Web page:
As well as Tennessee's staff performed in transition, timing and a favorable alignment of conditions made it possible for the Vols to get involved so late and make up a lot of ground in a hurry. His ongoing disenchantment with Miami — where his brother played, where his parents preferred Bryce play and where he was committed to play — opened the door.
His hectic football schedule, which included his senior season, an array of award appearances, all-star games and all-America functions, didn't really allow Brown to focus on recruiting or to begin an elimination phase. Instead he began to expand his search, an indication there wasn't an actual leader.
Trips to Missouri, Kansas State, Oregon, Clemson, Miami and LSU were all reportedly positive, but, by most accounts, hadn't produced the type of passion commonly associated with being sold on a school.
The longer the Vols stayed in the game the more ambiguous the signs became. A January visit had piqued Brown's interest in UT, but he still had questions about the new offensive system being installed. That was understandable, but the change also made it possible for Tennessee to compete for his services in the first place. The fact he fit the offense so well and that it ripped right from NFL play books made UT a viable option.
When David Oku fell to Tennessee the Vols chances of signing Brown seemed a little more remote, but the two tailbacks, with decidedly different strengths, had discussed such a scenario and both were in favor of the idea. Yet it remains a matter of speculation whether Oku would have signed with Tennessee if Brown had inked first.
Rumors of a last visit to Knoxville swirled last week but once validated the unlikely suddenly seemed less so. The fact Brown was an interested observer who was observed at Friday's open-to-the-public scrimmage while clad in an orange parka convinced even hardcore doubters UT was a serious contender.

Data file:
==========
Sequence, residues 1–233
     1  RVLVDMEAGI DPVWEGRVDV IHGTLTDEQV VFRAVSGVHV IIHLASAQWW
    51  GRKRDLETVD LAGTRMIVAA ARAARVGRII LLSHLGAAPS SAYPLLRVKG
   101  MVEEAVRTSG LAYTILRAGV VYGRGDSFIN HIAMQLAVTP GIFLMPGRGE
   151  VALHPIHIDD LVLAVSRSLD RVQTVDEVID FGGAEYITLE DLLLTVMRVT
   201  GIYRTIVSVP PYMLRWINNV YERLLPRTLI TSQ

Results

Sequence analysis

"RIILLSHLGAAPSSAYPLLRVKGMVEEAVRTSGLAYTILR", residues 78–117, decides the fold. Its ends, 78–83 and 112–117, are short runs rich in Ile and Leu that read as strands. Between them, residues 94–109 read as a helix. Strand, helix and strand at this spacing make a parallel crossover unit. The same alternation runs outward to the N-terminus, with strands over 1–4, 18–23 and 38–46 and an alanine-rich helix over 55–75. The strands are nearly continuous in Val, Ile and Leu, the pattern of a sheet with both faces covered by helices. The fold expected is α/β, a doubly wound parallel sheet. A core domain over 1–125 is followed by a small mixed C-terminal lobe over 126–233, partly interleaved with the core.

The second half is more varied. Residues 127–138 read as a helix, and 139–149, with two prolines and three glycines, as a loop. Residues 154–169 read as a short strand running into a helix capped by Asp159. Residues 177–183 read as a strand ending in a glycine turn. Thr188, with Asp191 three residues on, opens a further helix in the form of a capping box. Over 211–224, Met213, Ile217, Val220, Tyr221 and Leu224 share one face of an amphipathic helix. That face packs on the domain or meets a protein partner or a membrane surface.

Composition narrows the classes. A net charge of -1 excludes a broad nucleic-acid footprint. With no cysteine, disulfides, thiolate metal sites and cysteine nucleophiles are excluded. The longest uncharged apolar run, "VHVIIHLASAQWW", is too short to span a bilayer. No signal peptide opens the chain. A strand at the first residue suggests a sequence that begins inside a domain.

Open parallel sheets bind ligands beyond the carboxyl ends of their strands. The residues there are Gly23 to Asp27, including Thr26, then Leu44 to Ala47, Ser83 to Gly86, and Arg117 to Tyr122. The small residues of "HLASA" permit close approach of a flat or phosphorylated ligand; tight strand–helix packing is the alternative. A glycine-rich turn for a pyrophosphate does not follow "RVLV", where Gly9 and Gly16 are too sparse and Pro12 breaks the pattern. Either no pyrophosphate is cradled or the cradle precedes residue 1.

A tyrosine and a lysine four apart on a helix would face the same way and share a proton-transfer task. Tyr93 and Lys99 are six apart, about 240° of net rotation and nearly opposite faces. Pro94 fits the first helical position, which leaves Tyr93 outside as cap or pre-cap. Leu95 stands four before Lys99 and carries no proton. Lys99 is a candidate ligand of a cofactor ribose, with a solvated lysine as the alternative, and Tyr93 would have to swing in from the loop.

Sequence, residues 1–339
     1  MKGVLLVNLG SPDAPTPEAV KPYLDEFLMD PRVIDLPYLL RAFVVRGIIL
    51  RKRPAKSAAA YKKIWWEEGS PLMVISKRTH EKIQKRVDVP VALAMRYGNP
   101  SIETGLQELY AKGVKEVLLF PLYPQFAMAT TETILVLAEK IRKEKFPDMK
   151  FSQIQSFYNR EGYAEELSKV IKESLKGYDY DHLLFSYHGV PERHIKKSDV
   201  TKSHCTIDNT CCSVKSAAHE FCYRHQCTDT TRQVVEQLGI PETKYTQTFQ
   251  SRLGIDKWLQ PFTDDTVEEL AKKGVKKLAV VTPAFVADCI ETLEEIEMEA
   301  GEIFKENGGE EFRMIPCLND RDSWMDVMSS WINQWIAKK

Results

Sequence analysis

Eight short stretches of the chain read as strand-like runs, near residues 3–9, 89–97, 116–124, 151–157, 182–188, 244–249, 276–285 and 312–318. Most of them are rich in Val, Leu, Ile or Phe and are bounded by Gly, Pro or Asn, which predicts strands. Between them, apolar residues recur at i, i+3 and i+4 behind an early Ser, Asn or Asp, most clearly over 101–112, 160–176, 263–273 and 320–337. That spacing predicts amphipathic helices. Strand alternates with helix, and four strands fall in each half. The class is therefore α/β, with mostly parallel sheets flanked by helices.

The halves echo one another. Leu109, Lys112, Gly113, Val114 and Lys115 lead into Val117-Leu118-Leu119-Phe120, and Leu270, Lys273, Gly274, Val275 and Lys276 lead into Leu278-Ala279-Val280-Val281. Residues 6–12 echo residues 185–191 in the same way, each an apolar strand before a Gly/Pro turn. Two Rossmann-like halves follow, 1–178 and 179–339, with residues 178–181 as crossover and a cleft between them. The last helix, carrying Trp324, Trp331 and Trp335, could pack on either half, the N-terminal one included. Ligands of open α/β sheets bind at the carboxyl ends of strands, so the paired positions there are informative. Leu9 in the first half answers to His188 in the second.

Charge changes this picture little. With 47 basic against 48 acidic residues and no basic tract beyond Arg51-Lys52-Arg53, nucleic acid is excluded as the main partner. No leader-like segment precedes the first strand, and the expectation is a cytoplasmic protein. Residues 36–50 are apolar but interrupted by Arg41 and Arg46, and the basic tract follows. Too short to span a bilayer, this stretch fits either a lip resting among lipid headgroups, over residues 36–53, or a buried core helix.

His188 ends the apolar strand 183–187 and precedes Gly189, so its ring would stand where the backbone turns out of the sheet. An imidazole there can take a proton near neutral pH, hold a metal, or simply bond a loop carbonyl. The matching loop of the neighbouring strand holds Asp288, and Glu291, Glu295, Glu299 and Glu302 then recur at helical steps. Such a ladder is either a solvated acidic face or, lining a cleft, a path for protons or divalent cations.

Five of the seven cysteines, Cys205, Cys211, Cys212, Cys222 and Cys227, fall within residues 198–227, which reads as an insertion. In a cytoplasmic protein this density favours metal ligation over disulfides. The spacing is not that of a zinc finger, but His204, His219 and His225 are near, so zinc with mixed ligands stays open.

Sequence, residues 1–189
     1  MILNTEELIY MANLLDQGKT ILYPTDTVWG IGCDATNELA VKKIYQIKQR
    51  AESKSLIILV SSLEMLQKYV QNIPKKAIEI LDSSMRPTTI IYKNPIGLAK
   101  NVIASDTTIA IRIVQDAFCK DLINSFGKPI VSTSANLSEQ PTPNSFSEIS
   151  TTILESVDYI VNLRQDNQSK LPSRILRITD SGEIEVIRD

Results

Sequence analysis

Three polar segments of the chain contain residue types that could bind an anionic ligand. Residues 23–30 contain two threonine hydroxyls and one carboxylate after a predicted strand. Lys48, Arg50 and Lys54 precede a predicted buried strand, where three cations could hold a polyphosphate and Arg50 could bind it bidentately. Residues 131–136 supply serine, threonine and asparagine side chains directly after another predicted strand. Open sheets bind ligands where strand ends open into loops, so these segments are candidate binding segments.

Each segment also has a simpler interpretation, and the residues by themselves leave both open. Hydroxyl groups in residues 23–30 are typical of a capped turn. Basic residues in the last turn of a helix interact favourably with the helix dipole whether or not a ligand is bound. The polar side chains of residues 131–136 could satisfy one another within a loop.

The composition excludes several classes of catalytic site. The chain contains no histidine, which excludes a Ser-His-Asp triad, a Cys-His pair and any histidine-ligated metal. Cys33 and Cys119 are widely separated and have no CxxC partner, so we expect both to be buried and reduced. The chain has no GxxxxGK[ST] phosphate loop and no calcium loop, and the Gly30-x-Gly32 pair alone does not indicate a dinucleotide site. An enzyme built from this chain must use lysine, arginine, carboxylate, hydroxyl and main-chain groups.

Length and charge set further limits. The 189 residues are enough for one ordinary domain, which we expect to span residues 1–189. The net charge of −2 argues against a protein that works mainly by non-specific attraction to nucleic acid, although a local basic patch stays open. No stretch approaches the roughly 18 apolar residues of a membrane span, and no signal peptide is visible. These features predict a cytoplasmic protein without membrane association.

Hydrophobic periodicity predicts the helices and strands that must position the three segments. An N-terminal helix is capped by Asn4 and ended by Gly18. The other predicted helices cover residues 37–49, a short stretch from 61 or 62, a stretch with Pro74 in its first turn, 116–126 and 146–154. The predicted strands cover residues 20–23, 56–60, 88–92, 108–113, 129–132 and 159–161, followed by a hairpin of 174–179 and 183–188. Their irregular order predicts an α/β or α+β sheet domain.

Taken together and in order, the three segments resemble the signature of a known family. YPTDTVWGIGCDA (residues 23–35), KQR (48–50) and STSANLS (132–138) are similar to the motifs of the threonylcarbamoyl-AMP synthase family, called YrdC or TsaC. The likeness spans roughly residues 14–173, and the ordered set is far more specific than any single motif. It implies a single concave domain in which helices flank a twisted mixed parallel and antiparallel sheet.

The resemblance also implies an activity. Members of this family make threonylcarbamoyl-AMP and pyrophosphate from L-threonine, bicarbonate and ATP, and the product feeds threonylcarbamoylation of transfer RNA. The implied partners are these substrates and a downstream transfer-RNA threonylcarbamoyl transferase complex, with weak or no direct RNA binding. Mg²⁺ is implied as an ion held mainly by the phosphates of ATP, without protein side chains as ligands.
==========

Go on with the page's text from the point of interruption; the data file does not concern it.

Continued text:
There were also conflicting signals. For instance, his parents didn't accompany him on either trip to Knoxville, raising a red flag about UT's place in the prospect's final pecking order.
Hearts dropped in Big Orange Country when Bryce Brown picked up a Miami cap at Monday's announcement, held at the Kansas Sports Hall of Fame, but jumped right back into their throats when he exchanged it for an orange cap emblazoned with the distinctive white T. The nation's top prospect and No. 1 running back had faked everyone out again.
His decision may have come down to a feeling or a comfort level. It could have been a well reasoned, thoroughly analytical process that produced the most logical choice. Or it might have been due to some other, yet to be disclosed, X factor. The bottom line is the same, the Vols have secured the top high school senior football talent in America for the first time in UT history.
The act of signing Brown is a boom for the football program and it will result in other big names wanting to visit and discover more about Tennessee under the youngest head coach in college football's highest division. If Brown lives up to his vast potential it will result in his image, number and talent generating vast sums for the University in terms of merchandise sales, television appearances and media exposure.
Brown is a transformative talent, but he'll have to make adjustments to the collegiate game. Injuries are the great robber of athletic gifts, luck plays a role in a player's development and drive is a must. For every Reggie White there is a Lee Otis Burton, for every Jamal Lewis there is a Brian Darden, for every Al Wilson there is a Daniel Brooks.
With that caveat in place, we return you to your celebration. Indeed it's the dawn of a new day in Big Orange Country.